A micrometer, sometimes known as a micrometer screw gauge, is a device incorporating a calibrated screw widely used for accurate measurement of components in mechanical engineering and machining as well as most mechanical trades, along with other metrological instruments such as dial, vernier, and digital calipers. Micrometers are usually, but not always, in the form of calipers (opposing ends joined by a frame). The spindle is a very accurately machined screw and the object to be measured is placed between the spindle and the anvil. The spindle is moved by turning the ratchet knob or thimble until the object to be measured is lightly touched by both the spindle and the anvil.
Micrometers are also used in telescopes or microscopes to measure the apparent diameter of celestial bodies or microscopic objects. The micrometer used with a telescope was invented about 1638 by William Gascoigne, an English astronomer. 
The word micrometer is a neoclassical coinage from Greek micros, meaning 'small', and metron, meaning 'measure'. The Merriam-Webster Collegiate Dictionary says that English got it from French and that its first known appearance in English writing was in 1670. Neither the metre nor the micrometre (μm) nor the micrometer (device) as we know them today existed at that time. However, the people of that time did have much need for, and interest in, the ability to measure small things and small differences. The word was no doubt coined in reference to this endeavor, even if it did not refer specifically to its present-day senses.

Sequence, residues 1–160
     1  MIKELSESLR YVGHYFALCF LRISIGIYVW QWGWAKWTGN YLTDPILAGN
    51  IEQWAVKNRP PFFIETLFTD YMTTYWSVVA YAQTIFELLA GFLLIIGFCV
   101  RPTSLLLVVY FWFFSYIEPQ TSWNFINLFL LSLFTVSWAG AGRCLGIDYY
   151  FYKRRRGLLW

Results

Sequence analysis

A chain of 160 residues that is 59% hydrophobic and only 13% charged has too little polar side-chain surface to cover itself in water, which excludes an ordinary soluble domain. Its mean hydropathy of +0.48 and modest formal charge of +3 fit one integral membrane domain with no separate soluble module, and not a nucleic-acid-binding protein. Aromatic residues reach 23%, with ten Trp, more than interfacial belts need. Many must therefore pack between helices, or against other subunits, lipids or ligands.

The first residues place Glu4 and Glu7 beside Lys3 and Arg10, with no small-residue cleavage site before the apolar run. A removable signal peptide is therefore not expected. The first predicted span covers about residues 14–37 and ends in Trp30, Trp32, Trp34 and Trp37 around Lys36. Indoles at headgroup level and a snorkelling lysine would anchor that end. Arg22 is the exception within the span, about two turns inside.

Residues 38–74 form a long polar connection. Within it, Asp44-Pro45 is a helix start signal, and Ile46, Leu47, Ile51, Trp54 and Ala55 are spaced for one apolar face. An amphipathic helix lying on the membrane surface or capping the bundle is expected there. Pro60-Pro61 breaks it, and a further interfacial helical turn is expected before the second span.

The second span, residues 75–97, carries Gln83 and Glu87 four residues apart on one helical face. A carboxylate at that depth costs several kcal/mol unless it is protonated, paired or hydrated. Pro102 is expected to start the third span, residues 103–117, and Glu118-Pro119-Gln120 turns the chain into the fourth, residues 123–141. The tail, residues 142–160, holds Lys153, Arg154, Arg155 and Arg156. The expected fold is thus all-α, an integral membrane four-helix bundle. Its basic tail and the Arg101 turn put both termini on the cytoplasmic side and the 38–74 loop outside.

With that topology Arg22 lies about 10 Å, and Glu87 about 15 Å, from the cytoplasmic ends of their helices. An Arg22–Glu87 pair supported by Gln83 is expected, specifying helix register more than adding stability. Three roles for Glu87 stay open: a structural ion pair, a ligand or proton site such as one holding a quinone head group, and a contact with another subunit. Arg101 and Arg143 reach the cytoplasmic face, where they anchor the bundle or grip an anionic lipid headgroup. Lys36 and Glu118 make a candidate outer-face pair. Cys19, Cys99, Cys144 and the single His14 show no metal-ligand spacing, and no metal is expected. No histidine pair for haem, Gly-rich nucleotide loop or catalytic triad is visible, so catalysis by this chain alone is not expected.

The first ever micrometric screw was invented by William Gascoigne in the 17th century, as an enhancement of the vernier; it was used in a telescope to measure angular distances between stars and the relative sizes of celestial objects.
Henry Maudslay built a bench micrometer in the early 19th century that was jocularly nicknamed "the Lord Chancellor" among his staff because it was the final judge on measurement accuracy and precision in the firm's work. In 1844, details of Whitworth's workshop micrometer were published. This was described as having a strong frame of cast iron, the opposite ends of which were two highly finished steel cylinders, which traversed longitudinally by action of screws. The ends of the cylinders where they met was of hemispherical shape. One screw was fitted with a wheel graduated to measure to the ten thousandth of an inch. His object was to furnish ordinary mechanics with an instrument which, while it afforded very accurate indications, was yet not very liable to be deranged by the rough handling of the workshop.
The first documented development of handheld micrometer-screw calipers was by Jean Laurent Palmer of Paris in 1848; the device is therefore often called palmer in French, tornillo de Palmer ("Palmer screw") in Spanish, and calibro Palmer ("Palmer caliper") in Italian. (Those languages also use the micrometer cognates: micromètre, micrómetro, micrometro.) The micrometer caliper was introduced to the mass market in anglophone countries by Brown & Sharpe in 1867, allowing the penetration of the instrument's use into the average machine shop. Brown & Sharpe were inspired by several earlier devices, one of them being Palmer's design. In 1888, Edward W. Morley added to the precision of micrometric measurements and proved their accuracy in a complex series of experiments.